California Catholic Daily exclusive.
On Tuesday, March 7 and Wednesday, March 8, 2017, the (Jesuit) University of San Francisco will host their annual “Global Women’s Rights Forum.” The event will be held in the University’s McLaren Complex.
The “Global” in the name is a misnomer, unless one believes that the majority of women find “Feminism of Color and the Politics of Print” or “the intersections of sexuality, race, and gender with different forms of citizenships and borders” or “Gender, Sexuality, and the Latin American Left” to be synonymous with their rights.
The March 7 program is “Hookup Culture, Culture, Sexual Politics and Campus Rape: A discussion with Leah Fessler and USF students Angela ‘Anju’ Kasturiraj and Kay Nilsson.” The page includes short bios of the panelists:
Leah Fessler: “… is initiating an important national dialogue on how young people really feel about modern sexual expectations, the intersection of hookup culture and feminism, and more broadly, campus sexual politics.”
Anju Kasturiraj “..a third year Critical Diversity Studies and Sociology major, the Intercultural Center Arts Intern, and host of Lyricist Lounge. She uses her poetry to express her identity as a queer woman and diasporic identity…”
Kay Nilsson “…a poet and performer currently attending the University of San Francisco. He’s performed at poetry slams and readings across the Bay Area. He has featured as a literary performer at Queer Rebels Festival, Radar Productions, the San Francisco Queer Open Mic…”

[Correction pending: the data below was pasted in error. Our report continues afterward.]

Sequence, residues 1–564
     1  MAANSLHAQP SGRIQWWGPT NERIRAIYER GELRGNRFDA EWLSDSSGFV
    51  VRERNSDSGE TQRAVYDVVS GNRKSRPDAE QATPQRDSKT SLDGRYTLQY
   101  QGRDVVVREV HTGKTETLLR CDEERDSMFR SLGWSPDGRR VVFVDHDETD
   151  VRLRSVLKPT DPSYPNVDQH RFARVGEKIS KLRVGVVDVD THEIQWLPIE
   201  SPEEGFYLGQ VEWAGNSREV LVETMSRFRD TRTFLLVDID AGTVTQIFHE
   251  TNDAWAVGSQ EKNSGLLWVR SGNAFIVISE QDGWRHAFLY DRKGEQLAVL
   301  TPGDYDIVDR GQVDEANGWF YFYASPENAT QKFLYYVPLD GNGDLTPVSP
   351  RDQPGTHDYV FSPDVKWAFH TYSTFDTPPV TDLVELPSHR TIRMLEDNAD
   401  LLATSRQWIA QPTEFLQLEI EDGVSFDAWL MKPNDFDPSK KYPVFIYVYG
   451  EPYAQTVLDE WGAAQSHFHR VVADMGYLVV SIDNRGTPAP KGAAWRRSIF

The workshops and workshop presenters on Wednesday, March 8 are:
“Not Your Mother’s Feminism: New Intersections in Media, Art and Activism: Talk + Q&A by Kim Tran of Third Woman Press: Queer and Feminist of Color Publishing.” From the description: “Kim Tran, UC Berkeley, works on race, gender and coalition building. Her writing has been published locally and nationally in Vice News, Vox and Mic. In 2008 she helped establish the LGBTQ Youthspace, a safe-space and therapeutic program for queer youth of color…”
That’s followed by: “’Writing the Walls Down’: Poetry/Spoken Word Performance.” From the description: “Helen Klonaris, Amir Rabiyah, Celeste Chan, and Janine Mogannam will read their excerpts from the collection Writing the Walls Down: A Convergence of LGBTQ Voices, which brings together poets exploring the intersections of sexuality, race, and gender with different forms of citizenships and borders…”
The day’s final workshop is “Contesting the Transformation: Gender, Sexuality, and the Latin American Left: A Panel Discussion.” Panelists are Constanza Tabbush of the University of Buenos Aires, who will discuss “LGBT Rights Yes, Abortion No: Explaining Uneven Trajectories in Argentina under Kirchnerism (2003-2015)”; Rachel Elfenbein of Simon Fraser University, “Towards Feminist Socialism? Gender, Sexuality, Popular Power, and the State in Venezuela’s Bolivarian Revolution”; and Annie Wilkinson of UC Irvine, “Ecuador’s Citizen Revolution (2007-2017): A Lost Decade for Women’s Rights and Gender Equality.” The panel is moderated by Elisabeth Jay Friedman of USF.
The day will close with a theatrical performance by Monique Jenkinson, called “The F Word.” From the USF website “The F Word is FEMINISM! No longer unmentionable, now on everyone’s lips – let’s hear it from the painted mouth of a lady drag queen….Monique Jenkinson (Fauxnique) is a multi-genre performing artist and choreographer whose work uses drag to consider the performance of femininity as a forceful, vulnerable and subversive act.”
In the years that CalCatholic has been covering USF’s “Global Women’s Rights Forum”, (see “Abortionfest at USF” or “Queer Art & Abortion”; it has grown ever more bizarre. The increasing search for ever more remote categories of aggrieved victims brings with it a corresponding shrinking of general relevance to women in general. At the same time, the subject most universally, one might even say ‘globally’, relevant to university-age women, marriage and family—which would also be of interest to any genuinely Catholic university, is completely ignored.